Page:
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Practicing retail politics at the State Fair
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Darrell Gerber, left, and John Gunther staff the Green Party table at the Minnesota State Fair. They're hoping to get support for their candidates from voters disaffected with the two major parties. (MPR Photo/Michael Khoo)
The Republican National Convention in New York is in the spotlight this week -- but it's certainly not the only political game in town. The Minnesota State Fair is a traditional hotbed for retail politics, and it's an important venue for smaller parties that can't afford the high production values of the Democrats' and Republicans' campaigns.

St. Paul, Minn. — If President George Bush isn't your man and Sen. John Kerry leaves you flat, you can always try Michael Peroutka. Peroutka is the nominee of the Constitution Party, and though he might get washed out in the campaign coverage between now and November, you can learn more about him at the State Fair Grandstand.

Brian Ducklinsky is a volunteer for the Constitution Party, a movement built around the Bible, the U.S. Constitution, and traditional values. And though the Constitution booth isn't attracting as much attention as the high-definition television display next door, Ducklinsky says he's nonetheless getting the word out.

"It's been a mixed response. People seem to be interested. They at least get some information," says Ducklinsky. "I've had people on both sides of the issue, asking me questions. And I try to answer them."

The Constitution Party attained major party status in Minnesota when its state auditor candidate topped 5 percent in the 1998 election. At the time, the party was known as the Taxpayer's Party. It's since slipped back into the ranks of the minors where, like other third parties, it fights the perception that its candidates can't win.

These are candidates that can win their (local) races. All you have to say is they have a good chance of winning and people become much more interested, because they are looking for alternatives.
- Darrell Gerber, Green Party

Down the hallway, the Green Party is doing a brisker business. David Cobb is the Green presidential nominee this year. Many voters still blame the party and 2000 candidate Ralph Nader for tipping the last presidential election to Bush. Green activist Darrell Gerber says he hears certain voters worry about a similar result this year -- and he says he understands the temptation to stick with Kerry or Bush at the top of the ticket.

"We could say, 'That's fine, if that's what you want to do at the presidential level, but we have these other local candidates,'" says Gerber. "These are candidates that can win their races. All you have to say is they have a good chance of winning and people become much more interested, because they are looking for alternatives."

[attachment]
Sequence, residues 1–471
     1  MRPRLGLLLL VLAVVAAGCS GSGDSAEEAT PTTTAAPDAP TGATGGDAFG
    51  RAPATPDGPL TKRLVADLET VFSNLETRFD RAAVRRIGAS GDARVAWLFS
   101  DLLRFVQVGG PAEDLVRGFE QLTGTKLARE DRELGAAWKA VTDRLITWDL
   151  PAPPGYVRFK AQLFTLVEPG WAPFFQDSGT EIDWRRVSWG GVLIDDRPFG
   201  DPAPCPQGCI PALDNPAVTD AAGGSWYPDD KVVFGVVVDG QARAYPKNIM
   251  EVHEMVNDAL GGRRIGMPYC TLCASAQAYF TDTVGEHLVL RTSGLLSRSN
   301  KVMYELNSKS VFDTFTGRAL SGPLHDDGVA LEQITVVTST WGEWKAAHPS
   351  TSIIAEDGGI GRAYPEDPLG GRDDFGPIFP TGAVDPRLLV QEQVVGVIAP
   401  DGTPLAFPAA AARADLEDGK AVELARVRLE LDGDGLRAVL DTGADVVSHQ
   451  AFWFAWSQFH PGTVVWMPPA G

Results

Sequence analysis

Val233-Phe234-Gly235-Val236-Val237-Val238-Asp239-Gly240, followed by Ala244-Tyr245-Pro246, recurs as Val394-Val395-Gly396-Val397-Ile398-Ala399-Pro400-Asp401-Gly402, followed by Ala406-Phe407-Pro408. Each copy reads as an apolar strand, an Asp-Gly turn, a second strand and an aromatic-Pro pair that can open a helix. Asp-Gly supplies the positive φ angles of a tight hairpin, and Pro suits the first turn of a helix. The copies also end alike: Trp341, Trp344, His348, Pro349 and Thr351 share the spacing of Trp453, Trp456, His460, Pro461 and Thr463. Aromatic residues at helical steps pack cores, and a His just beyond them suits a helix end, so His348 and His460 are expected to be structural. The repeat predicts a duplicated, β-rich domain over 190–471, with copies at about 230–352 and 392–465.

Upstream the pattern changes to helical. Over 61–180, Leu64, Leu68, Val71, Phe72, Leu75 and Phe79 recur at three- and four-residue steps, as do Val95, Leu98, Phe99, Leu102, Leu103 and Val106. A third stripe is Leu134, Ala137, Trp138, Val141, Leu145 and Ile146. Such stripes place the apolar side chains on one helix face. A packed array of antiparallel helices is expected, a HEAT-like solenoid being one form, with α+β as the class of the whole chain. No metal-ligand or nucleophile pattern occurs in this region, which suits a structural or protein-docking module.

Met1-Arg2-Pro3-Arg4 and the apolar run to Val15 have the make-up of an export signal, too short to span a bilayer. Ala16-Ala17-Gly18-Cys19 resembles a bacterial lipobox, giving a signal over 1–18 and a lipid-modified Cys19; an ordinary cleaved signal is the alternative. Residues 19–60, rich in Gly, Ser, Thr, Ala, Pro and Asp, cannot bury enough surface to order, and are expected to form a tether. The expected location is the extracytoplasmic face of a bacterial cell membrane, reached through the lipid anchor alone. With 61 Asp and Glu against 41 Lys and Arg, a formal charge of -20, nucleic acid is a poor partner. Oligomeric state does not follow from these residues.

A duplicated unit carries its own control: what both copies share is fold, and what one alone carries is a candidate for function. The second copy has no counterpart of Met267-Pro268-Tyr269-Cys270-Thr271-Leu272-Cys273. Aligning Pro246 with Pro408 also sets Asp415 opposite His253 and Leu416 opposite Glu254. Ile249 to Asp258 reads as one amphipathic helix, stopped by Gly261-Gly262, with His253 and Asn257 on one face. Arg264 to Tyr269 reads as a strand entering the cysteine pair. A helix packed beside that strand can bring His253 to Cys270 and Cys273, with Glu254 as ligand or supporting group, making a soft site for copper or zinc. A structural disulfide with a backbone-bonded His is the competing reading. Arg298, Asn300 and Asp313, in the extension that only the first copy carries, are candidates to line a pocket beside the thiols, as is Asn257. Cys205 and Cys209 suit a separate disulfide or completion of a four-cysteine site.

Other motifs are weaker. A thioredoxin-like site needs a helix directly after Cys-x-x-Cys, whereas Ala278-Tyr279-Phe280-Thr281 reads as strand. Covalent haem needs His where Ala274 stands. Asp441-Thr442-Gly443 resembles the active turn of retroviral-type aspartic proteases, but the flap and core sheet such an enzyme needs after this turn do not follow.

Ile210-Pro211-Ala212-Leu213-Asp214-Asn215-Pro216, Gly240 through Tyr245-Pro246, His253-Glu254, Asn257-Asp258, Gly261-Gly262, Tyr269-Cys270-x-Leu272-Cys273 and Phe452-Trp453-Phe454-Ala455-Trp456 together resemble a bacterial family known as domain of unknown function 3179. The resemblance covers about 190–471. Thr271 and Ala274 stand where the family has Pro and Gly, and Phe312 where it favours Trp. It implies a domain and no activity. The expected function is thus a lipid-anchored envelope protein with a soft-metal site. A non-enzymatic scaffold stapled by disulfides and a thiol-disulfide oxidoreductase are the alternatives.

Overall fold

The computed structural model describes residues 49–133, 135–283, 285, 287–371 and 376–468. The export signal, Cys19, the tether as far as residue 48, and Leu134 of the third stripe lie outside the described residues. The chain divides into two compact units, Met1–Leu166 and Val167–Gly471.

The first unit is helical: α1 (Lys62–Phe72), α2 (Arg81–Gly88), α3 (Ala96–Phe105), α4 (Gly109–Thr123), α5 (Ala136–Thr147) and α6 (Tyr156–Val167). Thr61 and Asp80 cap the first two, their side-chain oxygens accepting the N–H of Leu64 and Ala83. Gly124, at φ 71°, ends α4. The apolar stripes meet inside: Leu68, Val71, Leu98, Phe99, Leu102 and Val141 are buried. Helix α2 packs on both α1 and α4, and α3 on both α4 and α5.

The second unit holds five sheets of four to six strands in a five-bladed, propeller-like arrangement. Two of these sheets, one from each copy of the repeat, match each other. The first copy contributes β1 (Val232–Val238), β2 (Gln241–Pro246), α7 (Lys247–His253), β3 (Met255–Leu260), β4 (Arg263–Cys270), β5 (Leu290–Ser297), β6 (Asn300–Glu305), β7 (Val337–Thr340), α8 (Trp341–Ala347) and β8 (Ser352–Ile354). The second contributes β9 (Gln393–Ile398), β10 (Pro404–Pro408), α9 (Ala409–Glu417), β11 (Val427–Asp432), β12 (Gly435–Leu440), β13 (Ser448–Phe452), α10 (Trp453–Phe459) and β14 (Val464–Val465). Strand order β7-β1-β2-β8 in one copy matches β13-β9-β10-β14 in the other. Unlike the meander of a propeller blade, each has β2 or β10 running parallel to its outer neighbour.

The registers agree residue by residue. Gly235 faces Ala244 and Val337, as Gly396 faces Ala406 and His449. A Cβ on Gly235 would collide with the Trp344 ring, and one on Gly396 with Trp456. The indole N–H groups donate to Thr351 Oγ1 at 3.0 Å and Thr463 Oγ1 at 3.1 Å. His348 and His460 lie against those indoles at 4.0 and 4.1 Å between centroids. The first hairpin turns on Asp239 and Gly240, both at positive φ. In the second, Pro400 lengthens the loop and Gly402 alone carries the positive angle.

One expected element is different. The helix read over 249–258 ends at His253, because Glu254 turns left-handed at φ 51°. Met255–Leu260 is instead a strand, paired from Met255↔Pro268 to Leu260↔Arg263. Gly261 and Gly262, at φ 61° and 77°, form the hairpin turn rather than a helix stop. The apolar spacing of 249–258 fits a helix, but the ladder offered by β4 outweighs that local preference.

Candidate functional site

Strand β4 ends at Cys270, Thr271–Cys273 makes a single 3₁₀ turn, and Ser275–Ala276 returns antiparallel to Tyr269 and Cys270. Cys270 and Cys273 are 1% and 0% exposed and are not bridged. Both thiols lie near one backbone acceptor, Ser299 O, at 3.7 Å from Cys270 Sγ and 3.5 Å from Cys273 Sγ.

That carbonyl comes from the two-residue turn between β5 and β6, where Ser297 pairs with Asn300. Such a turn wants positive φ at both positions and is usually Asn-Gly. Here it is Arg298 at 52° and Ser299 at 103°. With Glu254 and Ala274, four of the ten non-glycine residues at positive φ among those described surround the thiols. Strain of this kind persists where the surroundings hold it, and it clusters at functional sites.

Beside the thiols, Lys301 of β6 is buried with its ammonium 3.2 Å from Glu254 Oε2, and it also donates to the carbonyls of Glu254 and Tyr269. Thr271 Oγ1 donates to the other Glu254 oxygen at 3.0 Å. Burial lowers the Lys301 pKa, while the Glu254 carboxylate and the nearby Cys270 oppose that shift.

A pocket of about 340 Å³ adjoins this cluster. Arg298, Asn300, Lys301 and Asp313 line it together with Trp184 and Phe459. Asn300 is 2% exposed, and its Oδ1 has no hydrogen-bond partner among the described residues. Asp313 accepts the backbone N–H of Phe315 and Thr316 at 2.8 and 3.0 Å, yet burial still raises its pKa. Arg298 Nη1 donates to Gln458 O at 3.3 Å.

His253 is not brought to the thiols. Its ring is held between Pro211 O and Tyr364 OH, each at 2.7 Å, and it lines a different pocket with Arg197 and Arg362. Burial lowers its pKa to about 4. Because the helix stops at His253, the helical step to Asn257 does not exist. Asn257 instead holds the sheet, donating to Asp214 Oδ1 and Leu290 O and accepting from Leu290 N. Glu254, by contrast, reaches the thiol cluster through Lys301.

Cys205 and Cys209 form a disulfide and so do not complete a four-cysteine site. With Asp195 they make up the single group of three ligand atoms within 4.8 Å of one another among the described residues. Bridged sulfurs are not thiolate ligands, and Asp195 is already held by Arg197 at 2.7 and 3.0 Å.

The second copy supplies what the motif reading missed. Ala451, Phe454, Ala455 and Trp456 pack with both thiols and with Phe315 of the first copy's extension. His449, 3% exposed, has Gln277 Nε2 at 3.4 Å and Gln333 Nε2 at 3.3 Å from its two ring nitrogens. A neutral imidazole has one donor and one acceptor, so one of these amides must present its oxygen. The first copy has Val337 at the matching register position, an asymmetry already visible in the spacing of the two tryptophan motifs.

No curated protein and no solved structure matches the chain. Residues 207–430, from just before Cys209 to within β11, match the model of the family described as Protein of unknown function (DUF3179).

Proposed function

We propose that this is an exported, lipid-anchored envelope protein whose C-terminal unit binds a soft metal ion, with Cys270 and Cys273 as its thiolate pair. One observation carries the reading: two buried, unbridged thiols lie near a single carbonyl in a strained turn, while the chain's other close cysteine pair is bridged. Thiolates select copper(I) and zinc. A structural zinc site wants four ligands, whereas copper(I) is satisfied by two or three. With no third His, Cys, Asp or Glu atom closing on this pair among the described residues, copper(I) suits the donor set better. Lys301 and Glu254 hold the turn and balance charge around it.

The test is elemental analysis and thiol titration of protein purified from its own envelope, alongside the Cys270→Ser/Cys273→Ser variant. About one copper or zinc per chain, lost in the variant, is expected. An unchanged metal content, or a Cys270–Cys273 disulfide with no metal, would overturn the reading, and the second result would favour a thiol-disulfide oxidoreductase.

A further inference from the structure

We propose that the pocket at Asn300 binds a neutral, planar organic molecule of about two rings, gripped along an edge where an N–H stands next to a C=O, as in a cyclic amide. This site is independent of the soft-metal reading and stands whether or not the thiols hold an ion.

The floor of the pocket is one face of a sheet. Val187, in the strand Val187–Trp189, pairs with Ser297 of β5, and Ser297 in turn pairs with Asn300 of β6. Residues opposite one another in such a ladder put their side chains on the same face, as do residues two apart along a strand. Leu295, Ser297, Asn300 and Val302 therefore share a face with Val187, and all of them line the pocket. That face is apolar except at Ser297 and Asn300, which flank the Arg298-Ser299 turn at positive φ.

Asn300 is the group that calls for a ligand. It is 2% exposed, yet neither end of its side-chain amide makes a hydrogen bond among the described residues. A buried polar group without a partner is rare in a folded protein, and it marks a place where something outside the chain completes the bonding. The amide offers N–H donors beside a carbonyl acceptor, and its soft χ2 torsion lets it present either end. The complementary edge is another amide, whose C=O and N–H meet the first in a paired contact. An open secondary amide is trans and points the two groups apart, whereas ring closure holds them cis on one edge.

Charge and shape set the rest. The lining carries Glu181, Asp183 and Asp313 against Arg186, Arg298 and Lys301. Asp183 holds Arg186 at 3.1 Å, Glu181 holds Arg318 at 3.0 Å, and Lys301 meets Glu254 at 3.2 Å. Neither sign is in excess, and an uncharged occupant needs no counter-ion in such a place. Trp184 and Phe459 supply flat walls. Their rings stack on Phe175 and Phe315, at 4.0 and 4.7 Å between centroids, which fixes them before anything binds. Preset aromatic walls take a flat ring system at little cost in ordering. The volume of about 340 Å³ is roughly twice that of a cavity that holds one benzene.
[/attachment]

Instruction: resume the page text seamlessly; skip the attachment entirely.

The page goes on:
And the local level, really, is where third parties have their biggest success stories. The Greens have eight locally-elected officials in Minnesota, and in urban centers like Minneapolis, they're at least as strong -- if not stronger -- than the Republicans.

This year, the Greens are running six endorsed candidates for the state House, two for U.S. Congress, and one for Bemidji City Council. But there's still the tricky task of convincing voters to take a chance with a third party candidate.

Charles Aldrich of Burnsville is running for the state House on the Libertarian ticket. He says the key is to tap into those voters who are otherwise tuned out.

"In Burnsville, we've got 60,000 people living there. We've got 20,000 registered voters. If half of the people who don't normally vote decided to vote for the Libertarian Party, we would win by a landslide there," says Aldrich.

That strategy played well for the state's most famous third-party candidate -- former Gov. Jesse Ventura. In 1998, Ventura won election in part by luring first-time and disaffected voters out of their malaise and into the voting booths.

The Independence Party has had difficulty replicating that success since then, although in 2002 they did win a seat in the state Senate when incumbent Sheila Kiscaden of Rochester left the GOP for the Independence Party. Since then, IP state chair Jim Moore says support has continued to grow.

"The quality of our candidates is solid. The support we get in every election cycle is getting larger and larger," Moore says. "So it's not something that happens overnight. But it's incumbent upon us to put forth candidates where we can create something -- like Jesse Ventura -- that can happen overnight."

But 2002 also saw a disappointing third place finish for IP gubernatorial candidate Tim Penny. And while the IP had 28 endorsed House candidates the last time, that number's dropped by nearly half -- down to 16 -- for this year. The party also has candidates in three races for the U.S. Congress.

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